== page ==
Plain oval grilles
A smoothed out rear end without the stock GT’s tail fins
With the introduction of the Series IV in 1961, a high-performance DB4 Vantage was offered.
Three SU carbs and special cylinder heads, increasing power to 266 hp (198 kW)
It had the enclosed headlights of the DB4 GT.
In all, there were 136 saloons and 32 convertibles with the Vantage engine.
1962 Aston Martin DB4 Series 5 Vantage GT
A tiny number of non-GT DB4s used the GT’s more-powerful engine.
This combination is often called a Vantage GT, though not all included the Vantage package and none was technically a GT.
Three Series III, five Series IV, and six Series V cars have this unusual combination of body and engine for a total of 14.
The Aston Martin DB5 is a British luxury grand tourer that was made by Aston Martin and designed by the Italian coachbuilder Carrozzeria Touring Superleggera.
Released in 1963, it was an evolution of the final series of DB4. The DB series was named honouring Sir David Brown (the owner of Aston Martin from 1947 to 1972).
Although not the first in the DB series, the DB5 is famous for being the most recognised cinematic James Bond car, first appearing in the James Bond film Goldfinger (1964)
The principal differences between the DB4 Series V and the DB5 are:
The all-aluminium engine, enlarged from 3.7 L to 4.0 L
A new robust ZF five-speed transmission (except for some of the very first DB5s
Three SU carburettors.
This engine propelled the car to 145 mph top speed.
Standard Equipment On The DB5
Standard equipment on the DB5 included:
Wool pile carpets
Twin fuel tanks
Chrome wire wheels
Full leather trim in the cabin
All models have two doors and are of a 2+2 configuration.
Like the DB4, the DB5 used a live rear axle
The original four-speed manual (with optional overdrive) was standard fitment, but it was soon dropped in favour of the ZF five-speed
A three-speed Borg-Warner DG automatic transmission was available as well.
The automatic option was then changed to the Borg-Warner Model 8 shortly before the DB6 replaced the DB5.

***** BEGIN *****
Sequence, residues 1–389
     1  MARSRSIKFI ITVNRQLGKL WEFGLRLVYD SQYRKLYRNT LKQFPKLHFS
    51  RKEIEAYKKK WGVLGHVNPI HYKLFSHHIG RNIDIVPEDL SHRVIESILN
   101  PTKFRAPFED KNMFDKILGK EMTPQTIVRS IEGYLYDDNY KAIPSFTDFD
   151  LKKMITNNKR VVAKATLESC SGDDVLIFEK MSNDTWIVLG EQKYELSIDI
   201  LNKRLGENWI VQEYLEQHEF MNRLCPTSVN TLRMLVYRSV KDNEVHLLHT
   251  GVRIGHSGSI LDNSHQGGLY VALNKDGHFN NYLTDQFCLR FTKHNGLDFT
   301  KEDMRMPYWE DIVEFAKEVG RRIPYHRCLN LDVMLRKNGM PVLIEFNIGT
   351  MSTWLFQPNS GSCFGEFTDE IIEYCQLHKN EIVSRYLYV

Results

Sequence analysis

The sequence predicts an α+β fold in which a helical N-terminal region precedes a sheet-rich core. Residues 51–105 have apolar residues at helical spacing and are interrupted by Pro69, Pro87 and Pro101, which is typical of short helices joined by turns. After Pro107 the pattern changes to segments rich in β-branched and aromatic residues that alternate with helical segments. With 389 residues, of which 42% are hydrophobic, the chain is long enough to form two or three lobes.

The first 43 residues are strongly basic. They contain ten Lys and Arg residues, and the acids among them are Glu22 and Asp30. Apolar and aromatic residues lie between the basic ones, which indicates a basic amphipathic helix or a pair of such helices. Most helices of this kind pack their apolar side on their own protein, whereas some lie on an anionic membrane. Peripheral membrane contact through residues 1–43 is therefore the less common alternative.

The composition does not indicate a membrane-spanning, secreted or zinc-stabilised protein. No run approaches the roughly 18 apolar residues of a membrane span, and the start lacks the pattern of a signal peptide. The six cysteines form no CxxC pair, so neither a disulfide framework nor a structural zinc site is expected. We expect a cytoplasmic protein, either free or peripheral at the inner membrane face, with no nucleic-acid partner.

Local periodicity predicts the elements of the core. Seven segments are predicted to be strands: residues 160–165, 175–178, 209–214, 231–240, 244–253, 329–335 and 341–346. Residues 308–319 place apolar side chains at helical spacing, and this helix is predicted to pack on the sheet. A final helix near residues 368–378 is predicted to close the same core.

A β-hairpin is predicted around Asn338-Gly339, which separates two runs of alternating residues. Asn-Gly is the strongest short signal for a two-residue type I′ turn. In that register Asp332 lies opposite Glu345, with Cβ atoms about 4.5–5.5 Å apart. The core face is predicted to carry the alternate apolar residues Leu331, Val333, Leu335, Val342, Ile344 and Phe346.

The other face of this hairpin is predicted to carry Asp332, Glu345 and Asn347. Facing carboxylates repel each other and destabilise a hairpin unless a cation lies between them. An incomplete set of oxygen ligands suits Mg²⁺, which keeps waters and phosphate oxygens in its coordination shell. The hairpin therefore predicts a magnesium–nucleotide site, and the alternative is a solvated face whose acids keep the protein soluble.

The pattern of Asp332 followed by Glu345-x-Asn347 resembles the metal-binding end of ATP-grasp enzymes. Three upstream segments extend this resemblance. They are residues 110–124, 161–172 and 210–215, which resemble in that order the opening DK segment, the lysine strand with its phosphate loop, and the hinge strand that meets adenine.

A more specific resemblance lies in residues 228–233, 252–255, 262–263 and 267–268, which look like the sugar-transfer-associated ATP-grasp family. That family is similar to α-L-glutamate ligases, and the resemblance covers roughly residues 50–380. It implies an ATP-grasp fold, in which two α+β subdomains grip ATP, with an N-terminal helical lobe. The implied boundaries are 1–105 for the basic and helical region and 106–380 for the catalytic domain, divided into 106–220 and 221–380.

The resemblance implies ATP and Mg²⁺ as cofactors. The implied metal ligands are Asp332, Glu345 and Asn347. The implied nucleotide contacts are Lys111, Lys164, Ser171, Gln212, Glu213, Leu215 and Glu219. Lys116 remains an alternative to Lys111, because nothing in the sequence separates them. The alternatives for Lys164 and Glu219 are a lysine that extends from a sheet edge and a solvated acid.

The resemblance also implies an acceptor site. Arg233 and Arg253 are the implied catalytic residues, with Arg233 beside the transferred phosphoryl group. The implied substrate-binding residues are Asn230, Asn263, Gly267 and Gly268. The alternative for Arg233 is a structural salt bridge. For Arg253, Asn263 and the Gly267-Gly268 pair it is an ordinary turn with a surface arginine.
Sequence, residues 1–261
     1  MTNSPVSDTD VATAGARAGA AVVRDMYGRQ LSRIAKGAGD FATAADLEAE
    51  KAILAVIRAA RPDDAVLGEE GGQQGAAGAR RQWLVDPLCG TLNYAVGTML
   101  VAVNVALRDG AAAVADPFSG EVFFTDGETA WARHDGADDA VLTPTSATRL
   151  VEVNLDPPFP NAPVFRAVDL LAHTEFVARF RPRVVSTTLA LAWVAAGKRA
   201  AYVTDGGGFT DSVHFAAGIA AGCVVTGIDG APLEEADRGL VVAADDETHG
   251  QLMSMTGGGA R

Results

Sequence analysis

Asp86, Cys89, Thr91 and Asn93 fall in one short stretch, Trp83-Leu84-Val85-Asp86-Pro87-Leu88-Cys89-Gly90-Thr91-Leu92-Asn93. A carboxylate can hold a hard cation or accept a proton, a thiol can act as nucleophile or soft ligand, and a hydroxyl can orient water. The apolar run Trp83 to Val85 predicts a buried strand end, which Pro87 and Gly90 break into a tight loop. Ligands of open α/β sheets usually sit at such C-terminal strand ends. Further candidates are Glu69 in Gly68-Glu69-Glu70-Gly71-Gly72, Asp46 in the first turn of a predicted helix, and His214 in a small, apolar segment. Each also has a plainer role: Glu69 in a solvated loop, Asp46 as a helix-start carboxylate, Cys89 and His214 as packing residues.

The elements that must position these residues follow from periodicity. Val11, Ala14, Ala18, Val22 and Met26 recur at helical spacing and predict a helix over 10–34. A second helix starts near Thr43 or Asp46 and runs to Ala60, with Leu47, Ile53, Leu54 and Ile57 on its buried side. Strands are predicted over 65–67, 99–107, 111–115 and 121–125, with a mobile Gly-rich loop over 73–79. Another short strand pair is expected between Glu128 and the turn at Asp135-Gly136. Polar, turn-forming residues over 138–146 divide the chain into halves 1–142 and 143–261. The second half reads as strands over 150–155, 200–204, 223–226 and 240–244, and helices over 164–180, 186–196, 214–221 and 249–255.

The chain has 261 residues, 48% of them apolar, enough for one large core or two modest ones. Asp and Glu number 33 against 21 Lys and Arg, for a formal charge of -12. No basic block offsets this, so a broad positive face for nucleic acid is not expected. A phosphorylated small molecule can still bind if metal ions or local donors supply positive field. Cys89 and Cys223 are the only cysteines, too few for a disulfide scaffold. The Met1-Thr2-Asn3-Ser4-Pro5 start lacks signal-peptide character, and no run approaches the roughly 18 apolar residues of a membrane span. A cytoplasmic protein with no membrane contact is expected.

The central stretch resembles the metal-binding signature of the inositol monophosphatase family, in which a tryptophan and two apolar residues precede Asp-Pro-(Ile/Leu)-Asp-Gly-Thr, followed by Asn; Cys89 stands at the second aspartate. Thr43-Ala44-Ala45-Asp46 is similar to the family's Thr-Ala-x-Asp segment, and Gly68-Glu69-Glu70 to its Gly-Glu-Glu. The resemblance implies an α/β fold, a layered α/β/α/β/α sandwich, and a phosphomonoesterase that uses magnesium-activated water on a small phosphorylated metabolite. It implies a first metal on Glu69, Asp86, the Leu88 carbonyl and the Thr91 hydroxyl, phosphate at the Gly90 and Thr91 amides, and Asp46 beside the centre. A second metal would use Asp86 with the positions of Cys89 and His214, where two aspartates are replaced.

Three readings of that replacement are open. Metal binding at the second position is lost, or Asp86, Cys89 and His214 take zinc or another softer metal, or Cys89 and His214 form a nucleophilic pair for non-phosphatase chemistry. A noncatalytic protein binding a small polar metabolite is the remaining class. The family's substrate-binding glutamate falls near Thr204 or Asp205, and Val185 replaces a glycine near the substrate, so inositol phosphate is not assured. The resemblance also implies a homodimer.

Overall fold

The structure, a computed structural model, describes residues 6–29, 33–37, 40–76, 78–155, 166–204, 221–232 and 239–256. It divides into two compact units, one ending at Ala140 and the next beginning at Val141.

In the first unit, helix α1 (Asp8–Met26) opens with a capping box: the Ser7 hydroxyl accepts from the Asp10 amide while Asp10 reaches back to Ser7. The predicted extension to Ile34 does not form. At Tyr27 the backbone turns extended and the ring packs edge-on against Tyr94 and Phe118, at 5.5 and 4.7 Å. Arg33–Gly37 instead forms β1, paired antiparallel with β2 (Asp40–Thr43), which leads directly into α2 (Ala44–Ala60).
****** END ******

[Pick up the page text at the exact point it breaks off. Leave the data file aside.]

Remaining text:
The DB5 Vantage was introduced in 1964 and featured:
Three Weber twin-choke 45DCOE side-draft carburettors
Revised camshaft profiles
These delivered greater top-end performance at the expense of overall flexibility
This engine produced 315 hp (235 kW).
65 DB5 Vantage coupés were built.
1965 DB5 Vantage convertible.
123 convertible DB5s were produced (also with bodies by Touring), though they did not use the typical “Volante” name until 1965
The convertible model was offered from 1963 through to 1965.
Only 19 of the 123 DB5 Convertibles made were left-hand drive.
12 cars were originally fitted with a factory Vantage engine, and at least one further convertible was subsequently factory fitted with a DB6 specification Vantage engine.
A rare factory option (actually fitted by Works Service prior to customer delivery) was a steel removable hard top.
From October 1965 to October 1966, Aston Martin used the last 37 of the Aston Martin DB5 chassis’ to make another convertible model. These 37 cars were known as “Short Chassis” Volantes and were the first Aston Martins to hold the “Volante” name.
Although calling it a “Short Chassis” is a bit of a misnomer as the “short” comes from comparing it to the subsequent DB6, which has a longer chassis.
When compared to the DB5, it is not “short” but rather the same size, however these cars differ to the DB5 convertible models as they feature DB6 split front and rear bumpers and rear TR4 lights, as also used on the DB6.
A prototype DB5 shooting-brake was custom produced by the factory for David Brown, and 11-12 more coupés were custom modified for Aston Martin by independent coachbuilder, Harold Radford.
The taillights used were Triumph units, and were also adopted for the succeeding DB6.